Confidence among consumers and businesses declined for a second consecutive month in April, according to the latest Economic Pulse from Bank of Ireland.

The hit to consumer sentiment, as recorded by the index, saw it falling close to its Covid-19 low point.

The inflationary environment contributed to rising uncertainty among households, who lowered their assessment of the economic situation as well as being more downbeat about their own finances.

More than half of consumers surveyed said they were holding back on spending.

The Business Pulse - having lost ground again in April - remains above its pre-pandemic level.

The research pointed to some slippage in growth ambitions, with 55% of firms indicating that they plan to expand their operations in the next one to three years.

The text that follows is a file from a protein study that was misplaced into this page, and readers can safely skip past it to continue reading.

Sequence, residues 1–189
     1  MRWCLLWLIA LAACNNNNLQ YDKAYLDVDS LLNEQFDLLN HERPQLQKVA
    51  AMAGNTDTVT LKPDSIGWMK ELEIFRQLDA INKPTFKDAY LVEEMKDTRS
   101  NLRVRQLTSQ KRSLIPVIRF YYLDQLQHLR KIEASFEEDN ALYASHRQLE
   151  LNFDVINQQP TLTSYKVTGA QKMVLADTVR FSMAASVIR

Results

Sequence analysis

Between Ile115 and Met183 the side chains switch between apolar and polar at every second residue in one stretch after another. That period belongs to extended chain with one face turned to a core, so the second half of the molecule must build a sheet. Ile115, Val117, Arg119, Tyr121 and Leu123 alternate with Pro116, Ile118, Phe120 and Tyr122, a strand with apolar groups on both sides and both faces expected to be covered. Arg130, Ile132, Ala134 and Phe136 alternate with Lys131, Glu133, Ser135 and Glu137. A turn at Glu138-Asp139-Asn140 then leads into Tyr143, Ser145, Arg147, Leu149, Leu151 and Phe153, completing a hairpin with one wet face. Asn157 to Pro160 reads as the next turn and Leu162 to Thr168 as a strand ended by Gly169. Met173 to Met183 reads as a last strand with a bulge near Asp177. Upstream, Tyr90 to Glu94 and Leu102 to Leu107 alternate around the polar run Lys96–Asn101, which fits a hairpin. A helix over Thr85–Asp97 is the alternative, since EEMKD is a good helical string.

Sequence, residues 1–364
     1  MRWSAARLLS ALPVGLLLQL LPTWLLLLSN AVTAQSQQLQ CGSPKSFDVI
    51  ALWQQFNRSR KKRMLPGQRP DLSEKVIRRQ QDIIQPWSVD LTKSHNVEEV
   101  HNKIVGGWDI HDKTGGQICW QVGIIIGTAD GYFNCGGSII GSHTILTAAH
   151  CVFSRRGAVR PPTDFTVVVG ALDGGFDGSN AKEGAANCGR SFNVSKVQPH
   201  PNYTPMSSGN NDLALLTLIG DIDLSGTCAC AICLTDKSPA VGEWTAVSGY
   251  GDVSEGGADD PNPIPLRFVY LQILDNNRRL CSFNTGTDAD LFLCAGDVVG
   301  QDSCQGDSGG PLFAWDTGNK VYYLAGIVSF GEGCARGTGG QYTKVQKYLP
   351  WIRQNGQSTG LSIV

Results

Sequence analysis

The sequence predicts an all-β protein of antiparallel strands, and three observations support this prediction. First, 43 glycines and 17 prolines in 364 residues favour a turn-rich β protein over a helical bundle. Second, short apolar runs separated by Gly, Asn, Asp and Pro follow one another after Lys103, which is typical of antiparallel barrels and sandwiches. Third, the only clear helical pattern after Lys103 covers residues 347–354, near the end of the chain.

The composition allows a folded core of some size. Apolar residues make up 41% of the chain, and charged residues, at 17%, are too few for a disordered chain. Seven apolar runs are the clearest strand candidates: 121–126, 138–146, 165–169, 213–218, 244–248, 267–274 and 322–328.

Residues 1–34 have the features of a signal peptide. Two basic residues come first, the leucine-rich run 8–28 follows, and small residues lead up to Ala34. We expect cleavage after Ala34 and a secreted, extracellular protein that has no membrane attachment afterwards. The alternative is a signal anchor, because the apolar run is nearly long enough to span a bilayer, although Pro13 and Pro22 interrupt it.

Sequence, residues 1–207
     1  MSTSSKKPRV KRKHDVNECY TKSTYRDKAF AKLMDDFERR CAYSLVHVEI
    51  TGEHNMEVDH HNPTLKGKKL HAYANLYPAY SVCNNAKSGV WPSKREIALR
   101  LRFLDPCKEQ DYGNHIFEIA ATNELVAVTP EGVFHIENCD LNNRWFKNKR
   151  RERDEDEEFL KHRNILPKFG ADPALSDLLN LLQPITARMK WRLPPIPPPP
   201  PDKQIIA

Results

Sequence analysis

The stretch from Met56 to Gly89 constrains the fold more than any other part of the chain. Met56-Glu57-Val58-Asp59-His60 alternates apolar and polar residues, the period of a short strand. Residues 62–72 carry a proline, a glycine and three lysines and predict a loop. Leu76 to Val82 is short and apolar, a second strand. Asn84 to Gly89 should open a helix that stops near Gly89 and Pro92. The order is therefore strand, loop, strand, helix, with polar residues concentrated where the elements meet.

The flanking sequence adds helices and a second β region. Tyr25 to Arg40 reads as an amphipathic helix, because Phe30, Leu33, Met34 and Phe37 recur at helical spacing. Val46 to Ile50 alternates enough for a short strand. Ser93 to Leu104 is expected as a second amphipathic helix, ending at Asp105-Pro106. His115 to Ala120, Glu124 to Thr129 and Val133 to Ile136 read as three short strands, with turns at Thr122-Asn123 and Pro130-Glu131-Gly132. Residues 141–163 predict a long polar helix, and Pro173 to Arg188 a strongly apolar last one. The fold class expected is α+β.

That was down from almost three in five in January.

Notably, there was no pick up in the proportion of companies looking to scale down their operations.

The results of the latest survey were not unexpected in light of recent geopolitical developments.

"The fallout from the war in Ukraine - increased uncertainty, higher global energy and non-energy commodity prices, and the spill-over effects of the sanctions on Russia to growth in our trading partners – will dampen economic activity in Ireland this year," Dr Loretta O'Sullivan, Bank of Ireland Group Chief Economist said.

"The lifting of public health restrictions means that GDP is still set to expand, but by less than previously expected not least because this latest shock has shaken consumer and business confidence."

On the housing front, consumers raised their expectations for house price gains with 28% saying they intended to undertake renovations in the year ahead, despite rising costs.

However, it was down slightly on previous readings which the report attributes to possible "value for money concerns as well as capacity constraints in the construction sector".